My wife and I were coming home on the bus from Lincoln Center (we’d been to the movies, for once, at a theater near there, not to a concert). On the bus were people immediately identifiable as a concert/opera crowd, and we overheard one couple saying that whatever they’d come from was the best thing they’d seen in 30 years.
We couldn’t restrain our curiosity. What was that? we asked them. Salome at the Met, they answered, and even as we’d asked the question, we’d guessed the response. Nothing else at Lincoln Center has evoked that much excitement this year, from anyone. (We’re seeing it this weekend.)
As they told us why they liked it so much, something caught my ear. One reason why the opera was so compelling, they said, was the “discordant” music. It fit the story, they said.
In a way, you might think, that’s odd. A piece premiered 99 years ago still sounds discordant!
But that makes perfect sense. A while ago I heard the Mahler Third, with Eschenbach and the Philadelphia Orchestra, and felt almost torn inside — and fascinated! — by the way the music stretches (and sometimes almost rips apart) tonality. It struck me then that atonality, for anybody used to it, sounds pretty tame now. It doesn’t raise any issues; it can’t disturb me.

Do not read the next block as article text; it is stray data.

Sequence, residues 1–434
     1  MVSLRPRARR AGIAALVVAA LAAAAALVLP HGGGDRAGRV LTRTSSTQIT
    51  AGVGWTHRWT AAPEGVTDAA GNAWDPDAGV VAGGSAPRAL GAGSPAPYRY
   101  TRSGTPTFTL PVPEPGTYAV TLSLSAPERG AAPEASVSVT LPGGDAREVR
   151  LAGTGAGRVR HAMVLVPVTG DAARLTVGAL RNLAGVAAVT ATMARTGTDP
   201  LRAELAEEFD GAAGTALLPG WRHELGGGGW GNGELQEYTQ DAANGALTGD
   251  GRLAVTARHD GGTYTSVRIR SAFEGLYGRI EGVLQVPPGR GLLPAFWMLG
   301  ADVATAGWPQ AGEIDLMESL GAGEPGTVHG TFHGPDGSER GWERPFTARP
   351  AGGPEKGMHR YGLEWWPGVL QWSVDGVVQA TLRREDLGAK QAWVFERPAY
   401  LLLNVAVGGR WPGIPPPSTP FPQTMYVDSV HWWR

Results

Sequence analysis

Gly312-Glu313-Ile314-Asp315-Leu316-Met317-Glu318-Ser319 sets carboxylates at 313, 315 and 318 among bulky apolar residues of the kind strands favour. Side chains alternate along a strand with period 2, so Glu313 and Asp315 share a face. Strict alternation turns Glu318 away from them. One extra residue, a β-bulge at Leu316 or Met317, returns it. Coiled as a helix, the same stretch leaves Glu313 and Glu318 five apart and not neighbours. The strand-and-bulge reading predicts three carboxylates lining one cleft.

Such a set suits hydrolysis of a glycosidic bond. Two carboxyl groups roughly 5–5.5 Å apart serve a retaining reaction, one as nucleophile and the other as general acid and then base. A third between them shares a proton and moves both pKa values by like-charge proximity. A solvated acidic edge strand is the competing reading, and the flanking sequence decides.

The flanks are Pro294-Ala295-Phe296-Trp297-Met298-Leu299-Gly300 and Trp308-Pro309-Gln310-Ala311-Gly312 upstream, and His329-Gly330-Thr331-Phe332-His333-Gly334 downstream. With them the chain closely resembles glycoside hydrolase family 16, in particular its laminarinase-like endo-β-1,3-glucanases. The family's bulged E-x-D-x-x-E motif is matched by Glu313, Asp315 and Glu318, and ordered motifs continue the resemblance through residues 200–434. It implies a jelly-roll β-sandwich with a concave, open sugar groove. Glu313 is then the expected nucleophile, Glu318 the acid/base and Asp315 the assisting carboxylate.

Tonality, though, is still with us. Today I listened to the second Shostakovich piano concerto; its tonal harmony sounded fresh as a daisy (and — speaking now of aesthetics, not harmony — the sass of the first movement seemed wildly up to date). Tonality, in fact, still sounds entirely normal. So anything that pulls and tears at it can still sound unsettling. Or, at least, music written when tonality was under siege reflects that struggle, and still can get to us.
I’ve written quite a bit about issues of tonal and atonal harmony in my NewMusicBox column. One piece that meant a lot to me was on the meaning of atonality — atonal music, I’ve come to think, is very rarified, and not much use for representing the emotions of everyday life. You can read it here.